Together with a warm, wet, subtropical climate, the geology of South Florida provides well-suited conditions for the Everglades large marshland and ecosystem. The water-bearing rock and soil are due to the layers of porous and permeable limestone that affect the climate, weather and the hydrology of South Florida.
The geologic history explains the properties of the rock underneath the Everglades. At one point, the crust underneath Florida was part of the African region of the supercontinent Gondwana. North America merged with Africa about 300 million years ago. Sedimentary rock with igneous rock covered Florida due to volcanic activity centered on the eastern side.
About 180 million years ago, continental rifting began to separate North America from Gondwana. As part of Africa, Florida was initially above water. During the cooler Jurassic Period, the Florida Platform became a shallow marine environment and sedimentary rocks were deposited. Most of Florida remained a tropical sea floor during the Cretaceous Period. Since the bedrock was formed, the peninsula has been covered by seawater at least seven times.
Consistent flooding in the Everglades is fed by the flowing rivers in central Florida:
The Kissimmee River empties directly into Lake Okeechobee. The lake is vast but considered a shallow lake. It covers 730 square miles with an average depth of 9 feet. Where the land is consistently flooded throughout the year, soil deposits from the Everglades basis indicate deposits of peat. When the flooding is shorter, calcium deposit is left behind.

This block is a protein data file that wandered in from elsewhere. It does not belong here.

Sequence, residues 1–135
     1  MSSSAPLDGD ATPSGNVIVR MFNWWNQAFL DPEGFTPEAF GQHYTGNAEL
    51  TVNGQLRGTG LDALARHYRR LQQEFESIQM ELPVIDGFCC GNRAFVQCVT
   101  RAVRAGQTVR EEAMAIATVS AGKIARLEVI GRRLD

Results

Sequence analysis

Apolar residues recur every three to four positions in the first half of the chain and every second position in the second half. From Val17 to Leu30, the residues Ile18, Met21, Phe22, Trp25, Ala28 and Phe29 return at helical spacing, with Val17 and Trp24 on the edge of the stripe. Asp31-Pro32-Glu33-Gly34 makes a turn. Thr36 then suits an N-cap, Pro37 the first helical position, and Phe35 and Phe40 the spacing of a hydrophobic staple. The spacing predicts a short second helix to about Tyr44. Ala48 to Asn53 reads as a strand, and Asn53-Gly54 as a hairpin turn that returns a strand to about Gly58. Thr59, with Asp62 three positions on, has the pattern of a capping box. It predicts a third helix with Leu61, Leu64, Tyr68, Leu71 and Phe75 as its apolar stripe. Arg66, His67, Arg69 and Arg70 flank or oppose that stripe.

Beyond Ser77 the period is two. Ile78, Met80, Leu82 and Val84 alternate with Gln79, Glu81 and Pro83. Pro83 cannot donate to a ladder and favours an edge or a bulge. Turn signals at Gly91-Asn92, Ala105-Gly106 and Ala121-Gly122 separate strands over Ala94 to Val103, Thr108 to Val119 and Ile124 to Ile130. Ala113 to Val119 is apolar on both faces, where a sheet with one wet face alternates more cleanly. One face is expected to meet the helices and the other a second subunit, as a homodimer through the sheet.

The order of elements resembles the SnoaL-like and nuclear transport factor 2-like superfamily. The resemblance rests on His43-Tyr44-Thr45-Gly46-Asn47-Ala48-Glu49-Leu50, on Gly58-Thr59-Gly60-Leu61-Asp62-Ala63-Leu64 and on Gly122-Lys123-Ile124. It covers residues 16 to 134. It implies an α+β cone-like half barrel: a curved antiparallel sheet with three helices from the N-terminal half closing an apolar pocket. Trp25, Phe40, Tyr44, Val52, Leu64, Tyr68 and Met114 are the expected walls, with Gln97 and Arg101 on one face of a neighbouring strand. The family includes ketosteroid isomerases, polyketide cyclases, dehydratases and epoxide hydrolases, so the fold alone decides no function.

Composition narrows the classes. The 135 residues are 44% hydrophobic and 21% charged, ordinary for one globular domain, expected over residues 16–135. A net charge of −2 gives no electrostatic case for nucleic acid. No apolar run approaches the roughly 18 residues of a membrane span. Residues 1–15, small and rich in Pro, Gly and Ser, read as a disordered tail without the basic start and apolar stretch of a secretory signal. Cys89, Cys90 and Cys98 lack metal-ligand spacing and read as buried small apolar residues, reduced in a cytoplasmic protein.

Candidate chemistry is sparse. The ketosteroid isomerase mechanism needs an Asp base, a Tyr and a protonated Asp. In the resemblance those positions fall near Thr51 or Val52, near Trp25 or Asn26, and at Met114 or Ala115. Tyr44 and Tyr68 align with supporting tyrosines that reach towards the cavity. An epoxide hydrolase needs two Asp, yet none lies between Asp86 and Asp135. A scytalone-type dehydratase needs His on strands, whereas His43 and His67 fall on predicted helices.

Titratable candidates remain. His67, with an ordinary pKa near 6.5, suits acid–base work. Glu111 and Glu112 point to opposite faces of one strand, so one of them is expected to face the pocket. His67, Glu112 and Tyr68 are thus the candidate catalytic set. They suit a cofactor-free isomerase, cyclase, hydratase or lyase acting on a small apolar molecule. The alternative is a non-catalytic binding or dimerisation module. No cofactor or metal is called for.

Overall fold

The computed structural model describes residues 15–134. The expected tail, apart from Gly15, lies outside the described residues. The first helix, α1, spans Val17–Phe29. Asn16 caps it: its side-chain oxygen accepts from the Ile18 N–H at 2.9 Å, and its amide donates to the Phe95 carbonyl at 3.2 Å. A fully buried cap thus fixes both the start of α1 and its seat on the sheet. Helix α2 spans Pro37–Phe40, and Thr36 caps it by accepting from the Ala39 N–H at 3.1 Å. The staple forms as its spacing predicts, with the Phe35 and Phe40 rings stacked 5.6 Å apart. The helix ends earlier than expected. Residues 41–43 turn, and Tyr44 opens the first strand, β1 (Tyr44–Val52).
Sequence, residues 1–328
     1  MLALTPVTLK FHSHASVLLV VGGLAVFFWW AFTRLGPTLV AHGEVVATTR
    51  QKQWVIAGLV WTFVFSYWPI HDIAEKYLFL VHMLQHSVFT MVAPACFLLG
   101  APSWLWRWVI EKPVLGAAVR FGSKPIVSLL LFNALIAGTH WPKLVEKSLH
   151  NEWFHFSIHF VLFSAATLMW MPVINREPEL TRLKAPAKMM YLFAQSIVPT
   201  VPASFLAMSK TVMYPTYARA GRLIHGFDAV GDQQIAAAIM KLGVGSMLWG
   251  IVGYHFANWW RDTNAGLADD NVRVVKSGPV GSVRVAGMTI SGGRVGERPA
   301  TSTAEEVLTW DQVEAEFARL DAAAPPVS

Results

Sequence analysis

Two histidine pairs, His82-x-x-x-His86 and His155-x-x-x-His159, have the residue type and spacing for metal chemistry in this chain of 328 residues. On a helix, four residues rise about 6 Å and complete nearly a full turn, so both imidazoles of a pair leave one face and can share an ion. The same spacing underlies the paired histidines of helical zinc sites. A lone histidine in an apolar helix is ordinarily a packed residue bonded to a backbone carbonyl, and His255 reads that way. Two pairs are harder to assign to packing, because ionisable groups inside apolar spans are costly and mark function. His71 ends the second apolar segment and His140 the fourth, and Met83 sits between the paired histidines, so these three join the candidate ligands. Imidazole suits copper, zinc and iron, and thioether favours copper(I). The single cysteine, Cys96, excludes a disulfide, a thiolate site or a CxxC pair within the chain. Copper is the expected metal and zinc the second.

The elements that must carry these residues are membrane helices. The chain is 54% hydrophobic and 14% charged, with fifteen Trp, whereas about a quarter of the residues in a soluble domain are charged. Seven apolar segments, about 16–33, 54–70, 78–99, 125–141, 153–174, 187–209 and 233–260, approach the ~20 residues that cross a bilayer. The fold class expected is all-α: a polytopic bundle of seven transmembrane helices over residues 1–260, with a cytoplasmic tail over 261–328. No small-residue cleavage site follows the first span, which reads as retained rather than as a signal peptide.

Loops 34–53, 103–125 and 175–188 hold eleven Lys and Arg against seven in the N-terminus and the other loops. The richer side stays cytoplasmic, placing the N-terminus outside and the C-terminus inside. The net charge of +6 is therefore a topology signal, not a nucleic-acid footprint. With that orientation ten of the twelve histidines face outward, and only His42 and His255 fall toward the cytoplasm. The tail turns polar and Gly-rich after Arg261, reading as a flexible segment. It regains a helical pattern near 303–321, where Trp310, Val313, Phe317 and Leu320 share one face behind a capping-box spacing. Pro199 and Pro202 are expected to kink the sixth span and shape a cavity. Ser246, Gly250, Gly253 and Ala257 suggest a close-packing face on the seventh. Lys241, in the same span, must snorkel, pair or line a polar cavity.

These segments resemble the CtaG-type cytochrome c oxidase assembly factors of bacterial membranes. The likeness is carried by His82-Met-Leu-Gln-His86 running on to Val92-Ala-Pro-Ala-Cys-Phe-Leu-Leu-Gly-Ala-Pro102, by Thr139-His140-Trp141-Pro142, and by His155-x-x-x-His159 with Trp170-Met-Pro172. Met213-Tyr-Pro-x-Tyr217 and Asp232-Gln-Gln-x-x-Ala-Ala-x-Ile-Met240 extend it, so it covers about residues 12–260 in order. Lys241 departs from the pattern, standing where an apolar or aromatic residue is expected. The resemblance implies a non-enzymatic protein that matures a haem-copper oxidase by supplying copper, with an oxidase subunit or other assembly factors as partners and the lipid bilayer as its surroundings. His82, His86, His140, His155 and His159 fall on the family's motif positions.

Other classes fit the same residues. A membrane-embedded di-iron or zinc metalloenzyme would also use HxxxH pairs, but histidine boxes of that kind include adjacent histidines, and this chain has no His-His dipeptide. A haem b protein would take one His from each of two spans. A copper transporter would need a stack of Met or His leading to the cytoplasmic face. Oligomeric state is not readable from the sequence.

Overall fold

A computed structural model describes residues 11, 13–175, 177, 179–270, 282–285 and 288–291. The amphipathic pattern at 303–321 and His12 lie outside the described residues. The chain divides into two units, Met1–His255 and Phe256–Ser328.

Where water rises and falls depending on the rainfall, deposits occur. This does not occur where water is being stored in the rock from one year to the next. When limestone is exposed, calcium deposits are more present.
At one point, from the tip of Florida to Orlando there was a single drainage unit. When Lake Okeechobee capacity was exceeded due to rainfall, in a southwestern direction, it emptied into the Florida Bay. The Everglades began at the southern edge of Lake Okeechobee and flowed for approximately 100 miles, emptying into the Gulf of Mexico prior to urban and agricultural development.
The Kissimmee river travels slowly at about a half a mile a day. The slow movement of the broad and shallow river is known as sheet flow. This is how the Everglades got its nickname River of Grass. With the water traveling so slow, it can take months and sometimes years for it to reach its final destination, the Florida Bay.